Alex Morgan
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Alex Morgan gives birth to baby girl, aims to become fifth mom to make U.S. Olympic soccer team

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Alex Morgan is a mom.

Morgan, a star forward from the last two U.S. Olympic soccer teams, gave birth to baby girl Charlie Elena Carrasco on Thursday, according to her social media.

“She made us wait longer than expected, but I should have known she would do it her way and her way only,” was tweeted from Morgan’s account. “My super moon baby.”

Morgan, a 30-year-old married to fellow soccer player Servando Carrasco, announced her pregnancy on Oct. 23 and that she was due in April. She also noted that she still hoped to make the U.S. Olympic team, which was due to be named in June or early July.

“My goal is to have a healthy baby and be back on the field as soon as possible and, hopefully, be in the Olympics competing for the U.S.,” she said on a New York City hotel ballroom stage on Oct. 29.

The Tokyo Olympic postponement to July 2021 changed things.

Now, Morgan gets an extra year to return from childbirth in her bid to become the fifth mom to make a U.S. Olympic soccer team.

Defender Joy Fawcett played every minute of the 1995, 1999 and 2003 World Cups and the 1996 and 2000 Olympics as a mom. Carla Overbeck became a mom before making her second Olympic team in 2000, though she did not play in any matches in Australia.

Most recently, Kate Markgraf played in the 2008 Olympics as a mom, and Christie Pearce Rampone did so in 2008 and 2012.

Morgan will be among the moms featured on “On Her Turf: Inspiring Greatness,” a Mother’s Day special, on NBCSN on Sunday at 8 p.m. ET. The three-hour show will live stream here.

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World Alpine Skiing Championships on for 2021 after request to delay rejected

Alpine Skiing World Championships
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GENEVA (AP) — A request by the organizers of next year’s skiing world championships in Italy to postpone the event by one year was rejected Thursday by the International Ski Federation.

FIS ruled that the event will go ahead from Feb. 9-21, 2021, in Cortina d’Ampezzo — the highlight of an Alpine season that faces challenges to find safe protocols for international travel and attending races in Europe, North America and China.

The Veneto region of northern Italy was hit hard by the coronavirus and the season-ending World Cup races in Cortina in mid-March were canceled. That week-long event was to be a test for the 2021 worlds.

“The last month of efforts to come to this solution demonstrates the strong collaborative spirit of the ski family and stakeholders.” FIS president Gian-Franco Kasper said.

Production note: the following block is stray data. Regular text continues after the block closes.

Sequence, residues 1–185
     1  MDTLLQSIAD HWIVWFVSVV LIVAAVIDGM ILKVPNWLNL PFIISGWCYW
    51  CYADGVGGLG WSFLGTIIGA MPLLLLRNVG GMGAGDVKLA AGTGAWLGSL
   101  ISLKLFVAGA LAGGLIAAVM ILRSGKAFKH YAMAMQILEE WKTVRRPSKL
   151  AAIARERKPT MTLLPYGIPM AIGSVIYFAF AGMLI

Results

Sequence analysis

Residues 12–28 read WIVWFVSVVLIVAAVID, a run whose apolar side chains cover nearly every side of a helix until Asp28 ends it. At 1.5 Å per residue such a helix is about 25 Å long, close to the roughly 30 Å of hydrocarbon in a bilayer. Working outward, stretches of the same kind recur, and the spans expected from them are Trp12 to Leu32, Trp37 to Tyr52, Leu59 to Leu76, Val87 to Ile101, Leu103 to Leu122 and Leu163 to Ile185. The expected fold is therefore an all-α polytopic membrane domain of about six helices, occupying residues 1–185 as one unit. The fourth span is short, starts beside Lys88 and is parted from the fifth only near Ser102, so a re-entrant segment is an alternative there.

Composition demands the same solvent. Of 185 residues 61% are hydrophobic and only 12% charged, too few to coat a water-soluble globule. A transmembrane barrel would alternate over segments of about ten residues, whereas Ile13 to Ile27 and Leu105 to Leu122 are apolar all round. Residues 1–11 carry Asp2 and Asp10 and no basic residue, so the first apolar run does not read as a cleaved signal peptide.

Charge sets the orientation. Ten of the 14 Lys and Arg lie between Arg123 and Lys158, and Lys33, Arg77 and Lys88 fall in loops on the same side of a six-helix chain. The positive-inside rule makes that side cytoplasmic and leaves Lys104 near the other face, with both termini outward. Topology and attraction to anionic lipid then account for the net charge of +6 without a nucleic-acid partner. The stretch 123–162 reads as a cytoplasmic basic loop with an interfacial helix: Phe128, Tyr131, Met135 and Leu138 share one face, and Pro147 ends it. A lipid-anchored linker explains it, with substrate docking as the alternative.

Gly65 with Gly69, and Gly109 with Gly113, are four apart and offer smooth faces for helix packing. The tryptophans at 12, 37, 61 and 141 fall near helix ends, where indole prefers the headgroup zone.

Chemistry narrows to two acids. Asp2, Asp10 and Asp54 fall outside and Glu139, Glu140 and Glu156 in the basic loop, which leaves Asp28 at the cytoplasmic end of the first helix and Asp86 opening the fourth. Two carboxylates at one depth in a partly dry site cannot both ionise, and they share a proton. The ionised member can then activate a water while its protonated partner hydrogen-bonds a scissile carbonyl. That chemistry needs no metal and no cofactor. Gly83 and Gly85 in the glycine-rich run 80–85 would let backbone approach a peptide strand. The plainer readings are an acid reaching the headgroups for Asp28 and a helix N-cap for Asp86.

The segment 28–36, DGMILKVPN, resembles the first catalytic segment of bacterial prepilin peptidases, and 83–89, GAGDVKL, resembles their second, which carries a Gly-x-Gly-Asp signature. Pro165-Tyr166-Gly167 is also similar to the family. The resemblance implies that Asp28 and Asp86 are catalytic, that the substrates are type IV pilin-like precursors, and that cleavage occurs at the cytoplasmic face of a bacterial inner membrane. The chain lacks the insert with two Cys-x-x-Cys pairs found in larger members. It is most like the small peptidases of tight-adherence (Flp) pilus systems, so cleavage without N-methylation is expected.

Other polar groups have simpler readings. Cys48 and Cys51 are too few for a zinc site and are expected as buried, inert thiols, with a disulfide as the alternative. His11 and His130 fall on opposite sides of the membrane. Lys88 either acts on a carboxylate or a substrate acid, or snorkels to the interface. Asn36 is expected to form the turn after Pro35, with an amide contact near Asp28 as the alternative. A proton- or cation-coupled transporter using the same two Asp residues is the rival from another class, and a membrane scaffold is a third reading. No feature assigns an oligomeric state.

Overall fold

Organizers in Italy have said they expect losses of about 30 million euros ($34 million) if the worlds are also canceled. They asked for a postponement to March 2022, which would be only weeks after the Beijing Olympics.

“But we will be ready in any case and we will show that these world championships can change the history of a region despite the current difficulties,” Alessandro Benetton, president of the Cortina organizing committee, said in a statement.

Italian racer Sofia Goggia, the 2018 Olympic downhill champion, said she was “happy for Cortina because it will host the first major international event after the coronavirus epidemic.”

Cortina, which hosted the 1956 Olympics, will co-host the 2026 Winter Games with Milan and use the worlds as a showcase for the resort.

The women’s World Cup downhill on the Olympia delle Tofane course each January is one of the most scenic in the sport with a signature jump between tall outcrops of jagged rock.

The Dolomites venue was awarded the 2021 worlds by FIS after missing out as a candidate four straight times from 2013-19.

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Russia track and field athlete clearance frozen due to unpaid fine

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MONACO (AP) — The program allowing Russian track athletes to compete internationally will be frozen because the country’s federation failed to pay a fine on time, World Athletics said Thursday.

The Russian track federation, known as RusAF, owes a $5 million fine and another $1.31 million in costs for various doping-related work and legal wrangles. World Athletics said RusAF missed Wednesday’s deadline to pay.

World Athletics said it would freeze the work of the Doping Review Board, which vets Russian athletes who want the “authorized neutral athlete” status that allows them to compete internationally, and its taskforce monitoring RusAF’s anti-doping reforms.

World Athletics said both bodies will be “put on hold” until its council meets to discuss the situation at the end of July.

“RusAF is letting its athletes down badly,” World Athletics president Sebastian Coe said in a statement. “We have done as much as we can to expedite our ANA process and support RusAF with its reinstatement plan, but seemingly to no avail.”

RusAF president Yevgeny Yurchenko earlier told the Tass state news agency that his federation’s finances were damaged by the coronavirus pandemic and that it had asked for more time to pay.

World Athletics’ statement didn’t directly address that issue, but said Russia hadn’t indicated when it would pay.

Russia was fined $10 million by World Athletics in March, with $5 million suspended for two years, after the federation admitted to breaking anti-doping rules and obstructing an investigation.

The Athletics Integrity Unit said fake documents were used under the previous management to give an athlete an alibi for missing a doping test.

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